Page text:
HOW NOT TO BUY A PUPPY
by Nannette Newbury © 2000 AKC Breed Column (USA)

The popularity of the Australian Shepherd as a companion dog is growing rapidly among the general public. The good news is that many new Aussie owners are taking the time and effort to educate themselves on the breed before they buy. The not-so-good news is that many are not. They fall prey to the pervasive modern cultural lure of immediate gratification when purchasing a puppy. They typically spend more time researching the purchase of a new sport utility vehicle that may have a lifespan in their household of four to five years. But when it comes to buying a new puppy, that will hopefully share their home for fourteen years, they may just as easily grab one out of a cardboard box at the local supermarket. This is not the way to buy a puppy! The odds of this animal becoming the ideal companion and exhibiting the traits and temperament that we in the breed have come to know and cherish are slim. So how does one acquire an Australian Shepherd puppy and avoid some common pitfalls in the purchase of a dog?

The first tenant should be “take your time!” Enjoy the process of finding an ideal breeder to work with you and your family. Research the breed and breeders to make sure that an Aussie is truly the ideal dog for you. Seeing one in the back of your neighbour's car, or running on the beach are not great ways to determine that this breed is for you.

Never take your cheque book with you when looking at puppies! Let's face it. There is no such thing as an ugly puppy. They are adorable, loving fuzzballs at this age and hard for even the most wizened breeder to resist. Get to know your breeder. Get to know the sire and dam of the litter. Make several visits. If a breeder won't allow you on their property, don't buy a puppy from them. This can be an indication that the manner in which the puppies are raised is not up to standard.

Don't buy your puppy from a classified ad in a newspaper. Local puppy mills and backyard breeders use classified ads (and now the Internet) to sell puppies. Generally, qualified and respected breeders do not. There is the rare occasion when one might, but for the most part breeders of quality animals tend to shy away from this method of selling. Word of mouth, reputation and satisfied previous buyers are what sell good puppies.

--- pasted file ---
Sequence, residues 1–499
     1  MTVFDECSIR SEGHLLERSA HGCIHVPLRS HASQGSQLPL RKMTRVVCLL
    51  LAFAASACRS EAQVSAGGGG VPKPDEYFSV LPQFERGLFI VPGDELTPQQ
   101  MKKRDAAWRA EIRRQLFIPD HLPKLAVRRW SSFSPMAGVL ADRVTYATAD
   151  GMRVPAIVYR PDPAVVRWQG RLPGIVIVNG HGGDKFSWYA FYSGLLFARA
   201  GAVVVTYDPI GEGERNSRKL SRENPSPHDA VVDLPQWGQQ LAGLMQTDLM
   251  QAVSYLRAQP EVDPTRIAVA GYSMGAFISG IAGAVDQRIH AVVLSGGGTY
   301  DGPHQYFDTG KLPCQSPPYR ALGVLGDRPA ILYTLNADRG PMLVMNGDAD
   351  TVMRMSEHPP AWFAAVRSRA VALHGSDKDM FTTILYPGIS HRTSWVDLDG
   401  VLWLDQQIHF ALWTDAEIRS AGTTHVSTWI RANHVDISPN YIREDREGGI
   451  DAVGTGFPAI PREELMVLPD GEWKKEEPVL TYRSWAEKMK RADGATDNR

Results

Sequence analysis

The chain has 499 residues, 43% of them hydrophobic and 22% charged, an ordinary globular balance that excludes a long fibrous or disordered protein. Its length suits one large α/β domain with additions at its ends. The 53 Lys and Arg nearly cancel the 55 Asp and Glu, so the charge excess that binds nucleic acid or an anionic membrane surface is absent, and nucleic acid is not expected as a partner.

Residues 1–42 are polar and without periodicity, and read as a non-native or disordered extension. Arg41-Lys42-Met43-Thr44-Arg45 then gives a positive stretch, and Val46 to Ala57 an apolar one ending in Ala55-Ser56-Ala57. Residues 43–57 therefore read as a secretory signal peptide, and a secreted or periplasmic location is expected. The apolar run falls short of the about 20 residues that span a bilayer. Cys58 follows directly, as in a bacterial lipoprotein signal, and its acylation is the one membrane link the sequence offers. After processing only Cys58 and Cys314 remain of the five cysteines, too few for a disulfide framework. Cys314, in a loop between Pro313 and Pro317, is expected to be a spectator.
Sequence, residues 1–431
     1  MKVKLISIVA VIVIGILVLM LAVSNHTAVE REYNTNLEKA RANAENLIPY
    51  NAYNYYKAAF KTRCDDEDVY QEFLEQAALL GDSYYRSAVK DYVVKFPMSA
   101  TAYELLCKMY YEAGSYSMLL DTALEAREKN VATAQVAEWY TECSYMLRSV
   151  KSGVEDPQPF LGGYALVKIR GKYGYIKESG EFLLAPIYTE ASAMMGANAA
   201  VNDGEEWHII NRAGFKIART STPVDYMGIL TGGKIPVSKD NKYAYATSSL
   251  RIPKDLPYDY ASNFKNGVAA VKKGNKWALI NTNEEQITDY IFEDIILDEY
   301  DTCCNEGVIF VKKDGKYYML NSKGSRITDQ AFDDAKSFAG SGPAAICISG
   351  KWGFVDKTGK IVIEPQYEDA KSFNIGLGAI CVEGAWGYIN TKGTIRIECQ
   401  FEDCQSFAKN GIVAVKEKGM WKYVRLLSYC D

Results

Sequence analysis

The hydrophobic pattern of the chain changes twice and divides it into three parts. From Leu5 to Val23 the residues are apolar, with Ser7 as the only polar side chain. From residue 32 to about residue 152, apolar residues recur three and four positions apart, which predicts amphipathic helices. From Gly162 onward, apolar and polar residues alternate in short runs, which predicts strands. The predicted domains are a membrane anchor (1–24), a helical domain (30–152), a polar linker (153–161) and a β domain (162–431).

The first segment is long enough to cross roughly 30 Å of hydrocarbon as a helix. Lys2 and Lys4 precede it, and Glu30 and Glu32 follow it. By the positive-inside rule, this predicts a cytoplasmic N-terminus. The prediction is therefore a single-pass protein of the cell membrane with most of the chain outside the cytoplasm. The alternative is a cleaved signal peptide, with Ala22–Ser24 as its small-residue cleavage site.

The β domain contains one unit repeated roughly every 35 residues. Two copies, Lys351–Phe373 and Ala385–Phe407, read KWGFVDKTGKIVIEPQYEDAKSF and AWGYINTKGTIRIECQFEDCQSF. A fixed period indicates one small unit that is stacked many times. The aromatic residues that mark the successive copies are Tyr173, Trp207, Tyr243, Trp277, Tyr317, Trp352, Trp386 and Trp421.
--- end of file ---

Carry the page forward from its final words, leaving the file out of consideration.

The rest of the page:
Don't buy the cheapest puppy you can find. You will generally get what you pay for. Breeders rarely make money on a litter if they are doing the right things in producing the litter. The price that you pay for a well-bred puppy buys quality food; quality rearing of the pup including: socialisation and proper stimulation; hip and eye clearances for the sire and dam; testing for sexually-transmitted diseases in the sire and dam prior to mating; health clearances on the parents and the pups; quality vaccinations and shot schedules; and hopefully a genetic history of your new dog; as well as years of experience you can rely on in the future.

If a breeder doesn't call you back in three minutes don't jump on the Internet and order your new puppy that will be delivered via Airborne Express in the morning from “Puppy Express,” a dog distributor (also known as a puppy mill). Let me add, that anyone that tells you they have the exact puppy you are looking for, in the exact colour specifications you have asked for, on the exact date you want it, is probably not the person you want to buy from! The odds against this happening are quite high. You will need to exercise some self-control and patience in the search for your new pup. In our modern lifestyle we have dictacted to business that we want it our way and we want it fast! While satisfying, successful and revolutionary in the food industry, I cannot stress enough how 'not great' this is when applied to acquiring a new dog.

Buying a new puppy is not like ordering at Burger King. You may want it your way, but this may not get you the best dog for your household. When dealing with a breeder, you must find one that you can trust. Trust also that after spending an intimate eight weeks with the litter, a quality breeder will be able to tell you the tiniest details and personality quirks of each puppy in their litter. Rather than focusing on sex, hair colour or eye colour, you will be much better served if, instead, you ask the breeder for the best puppy for your family.